The plot of Wild Dogs is unusual and hard to describe without giving away too much. Carol Seajay talks about the problem of summarizing this novel in her newsletter Books to Watch Out For. (If following the link, scroll down on the newsletter’s page for the entry on Wild Dogs.) Seajay contacted Lambda to insist that Humphreys’ novel be added to the shortlist for Lesbian Fiction, and this past May, it won the literary prize, tying with Babyji by Abha Dawesar. In writing about Wild Dogs this past spring, Seajay wanted to introduce the book to a wider lesbian readership. I am following in her footsteps by recommending it to anyone interested in poetic and emotionally substantial novels. This book is moving, and its structure, which recalls Faulkner’s As I Lay Dying and The Sound and the Fury, is both solid and subtle. What is best about the book is what causes it to defy the glib, twenty-five-word descriptions that sum up so many novels: its depth and wildness.

Originally posted on 8.13.2006

Nina Shope’s Hangings

The first line of Nina Shope’s Hangings, a collection of three experimental novellas, shows the connection between a mother and a daughter and, while doing so, immediately connects the reader to the scene at hand: “When they are reading like this, her head on her mother’s breast, the empty shell of her ear covering her mother’s nipple, it is as if they have become one fused and fantastical creature.” Shope, expanding on this line, endows the scene with its own calm and reverberating breath. “The girl hears her mother’s voice resonate with each ear. The stories entering her right ear are of myths, monsters, transformations. Words of the mouth. Yet the left ear, pressed to the breast, hears a second strain of sound. A language that comes from the nipple. A humming, which begins in her mother’s throat, fills her ribcage, echoes through the dome of her breast.” Shope evokes the essential magic of words and of the mother through this sensual description of reading. She also reminds us to listen with both of our ears &#8211 one taking in the resonance of the words &#8211 when reading this memorable, original novella.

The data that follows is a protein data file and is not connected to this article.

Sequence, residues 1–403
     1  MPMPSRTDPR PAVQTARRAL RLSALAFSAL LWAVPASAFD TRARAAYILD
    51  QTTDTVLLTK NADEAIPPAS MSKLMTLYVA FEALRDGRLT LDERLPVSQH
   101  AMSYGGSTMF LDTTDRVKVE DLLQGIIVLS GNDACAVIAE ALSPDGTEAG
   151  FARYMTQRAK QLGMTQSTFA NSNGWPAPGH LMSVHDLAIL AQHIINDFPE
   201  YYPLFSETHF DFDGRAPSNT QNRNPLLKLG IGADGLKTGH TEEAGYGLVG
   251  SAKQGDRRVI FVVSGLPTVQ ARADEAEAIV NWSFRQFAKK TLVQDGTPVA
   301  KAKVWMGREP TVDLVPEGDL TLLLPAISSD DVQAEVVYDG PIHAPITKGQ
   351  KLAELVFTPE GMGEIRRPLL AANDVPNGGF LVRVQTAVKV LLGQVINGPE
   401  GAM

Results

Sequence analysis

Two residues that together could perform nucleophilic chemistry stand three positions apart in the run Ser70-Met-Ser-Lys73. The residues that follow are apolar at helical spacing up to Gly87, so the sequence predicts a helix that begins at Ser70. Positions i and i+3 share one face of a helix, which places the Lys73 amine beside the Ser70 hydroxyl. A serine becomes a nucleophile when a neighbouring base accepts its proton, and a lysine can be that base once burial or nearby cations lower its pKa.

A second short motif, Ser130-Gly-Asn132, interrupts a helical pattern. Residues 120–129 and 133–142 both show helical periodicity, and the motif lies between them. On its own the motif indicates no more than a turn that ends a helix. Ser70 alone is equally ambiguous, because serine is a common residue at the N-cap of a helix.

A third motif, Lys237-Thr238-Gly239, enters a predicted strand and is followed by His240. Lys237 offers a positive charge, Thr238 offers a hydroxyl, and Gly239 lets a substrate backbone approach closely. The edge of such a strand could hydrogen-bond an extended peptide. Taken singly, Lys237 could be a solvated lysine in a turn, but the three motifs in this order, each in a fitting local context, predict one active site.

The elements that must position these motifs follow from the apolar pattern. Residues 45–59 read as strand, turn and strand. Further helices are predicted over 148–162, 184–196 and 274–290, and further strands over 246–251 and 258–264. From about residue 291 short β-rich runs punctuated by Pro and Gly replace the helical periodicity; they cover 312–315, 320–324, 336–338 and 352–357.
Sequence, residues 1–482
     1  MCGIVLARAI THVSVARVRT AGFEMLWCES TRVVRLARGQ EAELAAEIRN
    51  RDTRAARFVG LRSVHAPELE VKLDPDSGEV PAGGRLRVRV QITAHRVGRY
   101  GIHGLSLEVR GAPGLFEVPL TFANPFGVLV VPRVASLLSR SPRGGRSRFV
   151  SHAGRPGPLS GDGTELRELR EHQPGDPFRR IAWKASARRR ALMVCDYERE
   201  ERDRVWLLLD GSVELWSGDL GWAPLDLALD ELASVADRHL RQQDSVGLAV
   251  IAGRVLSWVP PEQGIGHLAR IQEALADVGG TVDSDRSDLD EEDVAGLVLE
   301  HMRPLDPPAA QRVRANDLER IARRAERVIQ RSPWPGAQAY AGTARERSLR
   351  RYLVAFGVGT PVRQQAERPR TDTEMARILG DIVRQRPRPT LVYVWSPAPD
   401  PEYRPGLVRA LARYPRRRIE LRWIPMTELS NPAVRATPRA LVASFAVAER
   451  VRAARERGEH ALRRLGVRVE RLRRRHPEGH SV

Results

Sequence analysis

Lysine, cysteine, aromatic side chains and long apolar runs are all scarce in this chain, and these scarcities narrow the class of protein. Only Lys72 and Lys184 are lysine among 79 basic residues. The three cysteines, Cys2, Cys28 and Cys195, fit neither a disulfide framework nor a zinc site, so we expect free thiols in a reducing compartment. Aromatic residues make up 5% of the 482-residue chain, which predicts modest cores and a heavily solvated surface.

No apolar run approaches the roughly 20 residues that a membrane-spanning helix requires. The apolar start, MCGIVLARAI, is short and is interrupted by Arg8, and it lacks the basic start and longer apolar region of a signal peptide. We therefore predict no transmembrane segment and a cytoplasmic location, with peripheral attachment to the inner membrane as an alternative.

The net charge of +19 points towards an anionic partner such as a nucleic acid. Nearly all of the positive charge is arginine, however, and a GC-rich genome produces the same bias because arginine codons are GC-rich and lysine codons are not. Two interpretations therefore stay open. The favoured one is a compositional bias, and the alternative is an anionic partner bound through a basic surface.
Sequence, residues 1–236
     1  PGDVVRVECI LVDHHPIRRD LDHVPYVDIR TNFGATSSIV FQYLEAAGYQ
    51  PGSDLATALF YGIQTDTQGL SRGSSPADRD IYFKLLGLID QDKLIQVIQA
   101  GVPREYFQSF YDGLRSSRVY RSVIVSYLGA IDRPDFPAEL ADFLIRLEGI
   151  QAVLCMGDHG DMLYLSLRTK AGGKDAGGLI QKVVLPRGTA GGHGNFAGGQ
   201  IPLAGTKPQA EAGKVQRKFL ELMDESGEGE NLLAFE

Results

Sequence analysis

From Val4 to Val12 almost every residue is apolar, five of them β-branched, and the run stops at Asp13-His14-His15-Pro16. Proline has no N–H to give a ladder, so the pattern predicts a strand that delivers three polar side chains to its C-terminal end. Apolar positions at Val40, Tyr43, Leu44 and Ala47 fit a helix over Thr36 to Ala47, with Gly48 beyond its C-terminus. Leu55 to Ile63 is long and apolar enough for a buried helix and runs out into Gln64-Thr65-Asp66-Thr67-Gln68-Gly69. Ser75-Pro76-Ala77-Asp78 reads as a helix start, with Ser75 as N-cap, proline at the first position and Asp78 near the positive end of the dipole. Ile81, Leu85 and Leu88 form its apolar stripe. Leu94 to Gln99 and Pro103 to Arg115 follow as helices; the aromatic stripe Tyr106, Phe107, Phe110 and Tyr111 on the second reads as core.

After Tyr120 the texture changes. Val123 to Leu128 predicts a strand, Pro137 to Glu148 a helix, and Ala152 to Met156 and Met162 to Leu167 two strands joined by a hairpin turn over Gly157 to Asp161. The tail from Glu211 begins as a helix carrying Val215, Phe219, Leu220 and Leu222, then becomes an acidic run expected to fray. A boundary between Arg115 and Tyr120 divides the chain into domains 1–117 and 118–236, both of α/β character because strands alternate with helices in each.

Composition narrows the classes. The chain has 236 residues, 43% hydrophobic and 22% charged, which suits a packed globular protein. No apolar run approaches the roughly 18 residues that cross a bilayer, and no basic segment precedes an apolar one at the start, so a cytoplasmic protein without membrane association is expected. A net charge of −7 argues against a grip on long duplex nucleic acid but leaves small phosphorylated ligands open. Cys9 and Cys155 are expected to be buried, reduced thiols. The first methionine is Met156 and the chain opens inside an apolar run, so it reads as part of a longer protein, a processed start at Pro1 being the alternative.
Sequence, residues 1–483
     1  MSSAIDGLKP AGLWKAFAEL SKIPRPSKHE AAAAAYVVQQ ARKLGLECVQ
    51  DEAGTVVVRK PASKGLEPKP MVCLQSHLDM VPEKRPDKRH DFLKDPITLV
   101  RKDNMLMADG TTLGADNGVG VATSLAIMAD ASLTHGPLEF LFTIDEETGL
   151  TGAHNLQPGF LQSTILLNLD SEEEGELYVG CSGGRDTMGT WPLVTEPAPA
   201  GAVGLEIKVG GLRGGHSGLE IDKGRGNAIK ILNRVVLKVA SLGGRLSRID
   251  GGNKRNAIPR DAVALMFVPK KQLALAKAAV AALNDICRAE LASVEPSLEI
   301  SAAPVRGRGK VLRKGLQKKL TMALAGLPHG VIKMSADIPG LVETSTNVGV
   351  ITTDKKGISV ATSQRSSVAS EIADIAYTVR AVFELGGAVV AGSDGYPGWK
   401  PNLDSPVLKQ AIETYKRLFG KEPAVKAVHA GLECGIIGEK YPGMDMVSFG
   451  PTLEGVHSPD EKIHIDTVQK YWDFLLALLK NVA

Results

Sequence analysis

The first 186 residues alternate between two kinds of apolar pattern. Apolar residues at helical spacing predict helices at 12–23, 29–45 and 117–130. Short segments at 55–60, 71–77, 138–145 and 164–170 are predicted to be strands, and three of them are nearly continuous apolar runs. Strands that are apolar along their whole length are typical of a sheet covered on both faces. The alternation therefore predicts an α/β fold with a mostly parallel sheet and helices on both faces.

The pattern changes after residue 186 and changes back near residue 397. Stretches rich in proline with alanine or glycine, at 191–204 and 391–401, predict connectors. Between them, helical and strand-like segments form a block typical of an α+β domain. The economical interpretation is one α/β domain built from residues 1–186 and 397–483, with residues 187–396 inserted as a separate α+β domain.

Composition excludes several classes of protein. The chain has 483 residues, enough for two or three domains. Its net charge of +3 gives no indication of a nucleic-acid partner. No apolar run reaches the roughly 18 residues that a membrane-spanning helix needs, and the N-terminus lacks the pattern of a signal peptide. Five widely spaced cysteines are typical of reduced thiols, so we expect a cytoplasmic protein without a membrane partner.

The plot of this first novella, “Hangings,” is, like Shope’s language here, rooted to the body. We soon learn that the mother, who is never named, has become ill with breast cancer. To describe this change, Shope uses words that create a rhythm of disruption; and in between these words come silent spaces that are filled with a new sense of isolation for the daughter: “And her mother’s breast sounds suddenly hollow. Emptied of everything but tissues. Glands. Tumors. And knotted veins.” The mother will no longer be reading to the girl, who also is never named over the course of the novella. The girl is becoming a woman and now is too old to be read to, says the mother, who believes her daughter “should be going out. Seeing friends. Meeting boys.” As the once “fused and fantastical creature” falls apart, the mother and girl must embark on their own physical transformations into, respectively, illness and womanhood. Shope illustrates how these transformations are every bit as strange as the myths that the mother is describing in the opening scene when she is reading out loud from what turns out to be Ovid’s Metamorphoses.